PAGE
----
Safaricom M-Pesa receives Ethiopian mobile money license, ending state monopoly

The National Bank of Ethiopia (NBE) has issued a mobile money-service license to Safaricom M-Pesa Mobile Financial Service, it announced May 11. Previously, only Telebirr, part of the state-owned Ethio Telecom network, operated in that market.

Kenya-based Safaricom was also the first company to break Ethio Telecom’s monopoly on Ethiopian mobile phone service in October, through its Safaricom Telecommunications Ethiopia subsidiary. The NBE introduced legislation into the Parliamentary Assembly earlier in 2022 to make the private service possible.

Safaricom Ethiopia currently has almost 3 million users, the company said. That compares to Ethio Telecom’s 54 million users, in a country of 118 million. The government is now reportedly looking to sell a 45% share in Ethio Telecom.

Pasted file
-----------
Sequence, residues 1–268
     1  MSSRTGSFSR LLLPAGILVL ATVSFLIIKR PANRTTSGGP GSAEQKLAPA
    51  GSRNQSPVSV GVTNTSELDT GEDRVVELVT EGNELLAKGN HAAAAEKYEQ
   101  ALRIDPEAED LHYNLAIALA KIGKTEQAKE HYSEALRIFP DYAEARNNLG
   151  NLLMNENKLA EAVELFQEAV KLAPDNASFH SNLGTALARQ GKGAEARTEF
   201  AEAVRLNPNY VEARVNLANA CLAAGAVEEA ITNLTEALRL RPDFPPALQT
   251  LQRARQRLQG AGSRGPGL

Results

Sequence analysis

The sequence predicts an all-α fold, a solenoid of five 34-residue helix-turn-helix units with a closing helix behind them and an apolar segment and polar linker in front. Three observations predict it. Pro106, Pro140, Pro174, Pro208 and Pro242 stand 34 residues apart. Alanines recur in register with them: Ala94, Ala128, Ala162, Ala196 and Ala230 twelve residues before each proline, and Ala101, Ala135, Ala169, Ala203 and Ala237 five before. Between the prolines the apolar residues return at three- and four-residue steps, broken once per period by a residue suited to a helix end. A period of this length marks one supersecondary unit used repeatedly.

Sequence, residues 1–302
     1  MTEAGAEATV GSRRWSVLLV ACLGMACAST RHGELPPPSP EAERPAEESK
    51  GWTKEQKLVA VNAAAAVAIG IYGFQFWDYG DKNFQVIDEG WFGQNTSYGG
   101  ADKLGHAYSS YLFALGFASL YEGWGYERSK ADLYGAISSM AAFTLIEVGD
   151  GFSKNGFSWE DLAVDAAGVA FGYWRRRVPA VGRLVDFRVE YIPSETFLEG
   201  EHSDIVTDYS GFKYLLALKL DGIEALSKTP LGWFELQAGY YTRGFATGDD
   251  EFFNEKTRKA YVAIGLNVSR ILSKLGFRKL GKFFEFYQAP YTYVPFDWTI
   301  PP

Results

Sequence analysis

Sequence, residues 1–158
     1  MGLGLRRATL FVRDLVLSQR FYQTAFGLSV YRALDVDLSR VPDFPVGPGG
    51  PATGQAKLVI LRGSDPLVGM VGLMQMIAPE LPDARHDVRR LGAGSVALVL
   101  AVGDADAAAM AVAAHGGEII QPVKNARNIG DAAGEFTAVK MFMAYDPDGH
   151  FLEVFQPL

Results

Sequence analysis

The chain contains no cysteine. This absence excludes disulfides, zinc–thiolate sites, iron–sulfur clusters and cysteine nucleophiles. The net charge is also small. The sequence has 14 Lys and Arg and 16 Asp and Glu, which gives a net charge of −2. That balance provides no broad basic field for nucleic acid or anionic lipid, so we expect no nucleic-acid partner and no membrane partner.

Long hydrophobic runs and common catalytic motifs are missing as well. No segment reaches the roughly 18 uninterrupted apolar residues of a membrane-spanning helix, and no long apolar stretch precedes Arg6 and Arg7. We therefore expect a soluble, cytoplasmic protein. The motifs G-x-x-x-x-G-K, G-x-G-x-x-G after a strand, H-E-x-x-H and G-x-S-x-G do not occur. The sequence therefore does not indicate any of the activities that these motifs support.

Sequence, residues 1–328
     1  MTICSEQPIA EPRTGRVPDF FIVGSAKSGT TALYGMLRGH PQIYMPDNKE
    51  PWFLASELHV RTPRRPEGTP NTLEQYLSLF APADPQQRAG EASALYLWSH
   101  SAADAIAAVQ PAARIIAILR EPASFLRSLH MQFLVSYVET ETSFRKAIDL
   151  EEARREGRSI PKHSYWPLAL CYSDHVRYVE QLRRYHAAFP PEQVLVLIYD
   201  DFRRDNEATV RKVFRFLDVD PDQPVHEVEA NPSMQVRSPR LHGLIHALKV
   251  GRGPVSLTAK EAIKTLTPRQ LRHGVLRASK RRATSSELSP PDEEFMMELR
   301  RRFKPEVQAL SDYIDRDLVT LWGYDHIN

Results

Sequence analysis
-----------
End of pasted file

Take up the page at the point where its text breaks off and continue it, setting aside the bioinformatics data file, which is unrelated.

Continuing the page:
Safaricom reportedly paid $150 million for its license and expects to launch M-Pesa service in the second half of the year. M-Pesa is already available in nine African countries and Afghanistan. It offers financial services to people through their mobile phone, regardless of whether or not they have bank accounts.

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Although the legal status of crypto assets in Ethiopia is murky, the country is slowly opening up to greater digitalization in finance. The NBE wrote in its announcement:

“The NBE will continue to take measures to deepen Ethiopia’s digital finance ecosystem. To this end, we will strongly support the spread of digital payment systems as a substitute for cash-based transactions within the economy.”

Blockchain-based payments platform Fuse has announced plans to bring ChromePay’s decentralized identity service to the country. The local Project Mano organization lobbies for Bitcoin (BTC) adoption, and the Cardano blockchain has invested heavily in infrastructure for use by government services in the country.

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